The same approach to creative but pragmatic action has been applied to candidate countries wishing to join the EU, from which the Balkan states have benefited and continue to benefit. Meeting the requirements of the “acquis communautaire” may seem difficult, but it also means catching up with the accumulated experience of 27 states in many areas of governance. Similar processes will be necessary as the nations of the world build mechanisms of international governance for sustainability and need to close the gaps that now separate the advanced and developing economies.
The prospects for the United Nations Conference on Sustainable Development in Rio next June are still uncertain. The conference is shorter than previous conferences, and there has been less time for preparation. The secretariat is collecting proposals on which to base a zero draft of the conference outcome document, which will be available in January 2012 and negotiated through May. The developing countries in the G77, and many non-governmental organizations, are wary of the concept of the Green Economy, fearing that it will just be “greenwashing” of predatory business practices, and not the fundamental transformation of the economy that they feel is required. Responding to this, UNEP has argued for an important social equity component in the Green Economy (UNEP 2011).
There are also strong divergences between countries over institutional arrangements at the international level. The United States has generally been unwilling to support a strengthened United Nations, and the unpopularity of the UN with significant segments of the American people makes this even more so in a presidential election year. There is no consensus on creating a UN Environment Organization, or a new organization for sustainable development. In any case, most institutions are structured by sectors (economic, social, environmental) whether in the UN, in governments or in academia, and there is generally strong resistance to proposals for mergers or integration across sectors, as would be required to achieve a systems approach to sustainable development.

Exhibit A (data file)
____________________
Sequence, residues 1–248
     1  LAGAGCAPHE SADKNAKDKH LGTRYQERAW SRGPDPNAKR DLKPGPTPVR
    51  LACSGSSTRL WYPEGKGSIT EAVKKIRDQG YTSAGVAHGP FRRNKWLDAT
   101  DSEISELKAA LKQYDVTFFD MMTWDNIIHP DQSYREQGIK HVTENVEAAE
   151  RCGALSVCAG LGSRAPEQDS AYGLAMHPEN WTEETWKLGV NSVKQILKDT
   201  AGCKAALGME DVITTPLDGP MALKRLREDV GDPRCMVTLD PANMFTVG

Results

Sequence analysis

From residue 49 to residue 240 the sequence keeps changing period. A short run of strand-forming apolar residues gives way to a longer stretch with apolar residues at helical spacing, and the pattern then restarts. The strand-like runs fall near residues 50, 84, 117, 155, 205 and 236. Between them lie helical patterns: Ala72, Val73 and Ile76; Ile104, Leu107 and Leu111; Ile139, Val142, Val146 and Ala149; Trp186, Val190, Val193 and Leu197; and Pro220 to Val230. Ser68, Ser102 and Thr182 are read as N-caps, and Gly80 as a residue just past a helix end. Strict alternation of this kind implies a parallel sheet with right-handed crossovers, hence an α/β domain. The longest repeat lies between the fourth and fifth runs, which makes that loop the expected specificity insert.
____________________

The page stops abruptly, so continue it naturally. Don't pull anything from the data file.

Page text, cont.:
A further complication is the power struggle between the countries with the most advanced economies and the large emerging economies such as Brazil, Russian Federation, India and China. Big power diplomacy has little time for sustainability issues, and will happily trade off long-term concerns for more immediate advantages.
There is even increasing disillusionment with multilateral diplomacy at the United Nations. As mentioned above, another failure to make real progress on climate change in the face of the alarming speed of change signaled by such things as polar melting, could cast a cloud over Rio+20. There is already pressure from some sources to downgrade the conference from a summit of heads of state and government to a lower level meeting.
Between the scientific necessity for rapid international action on environmental problems overshooting planetary limits (Rockström et al., 2009) and the forces of political realism, it is not yet clear which will win out in Rio de Janeiro in June 2012. The European Union, and along with it the Balkan countries, will have a say. Where the EU has proven that action is possible, it will be much more persuasive in arguing for the common interest of all humanity.
Jaeger, Carlo C., Leonidas Paroussos, Diana Mangalagiu, Roland Kupers, Antoine Mandel, Joan David Tàbara. 2011. A New Growth Path for Europe: Generating Prosperity and Jobs in the Low-Carbon Economy. Synthesis Report. A study commissioned by the German Federal Ministry for the Environment, Nature Conservation and Nuclear Safety. PIK/University of Oxford/E3M lab/Université Paris1/European Climate Forum. 27 p.
Montgomery, David R. 2007. Dirt: The Erosion of Civilizations. University of California Press, Berkeley. 285 p.
Rockström, Johan et al. 2009. A safe operating space for humanity. Nature 461:472-475 (24 September 2009); and Rockström, J., W. Steffen, K. Noone, Å. Persson, F. S. Chapin, III, E. Lambin, T. M. Lenton, M. Scheffer, C. Folke, H. Schellnhuber, B. Nykvist, C. A. De Wit, T. Hughes, S. van der Leeuw, H. Rodhe, S. Sörlin, P. K. Snyder, R. Costanza, U. Svedin, M. Falkenmark, L. Karlberg, R. W. Corell, V. J. Fabry, J. Hansen, B. Walker, D. Liverman, K. Richardson, P. Crutzen, and J. Foley. 2009. Planetary boundaries: exploring the safe operating space for humanity. Ecology and Society 14(2): 32. [online] URL: http://www.ecologyandsociety.org/vol14/iss2/art32/
UNEP. 2011. Towards a Green Economy: Pathways to Sustainable Development and Poverty Eradication - A Synthesis for Policy Makers, www.unep.org/greeneconomy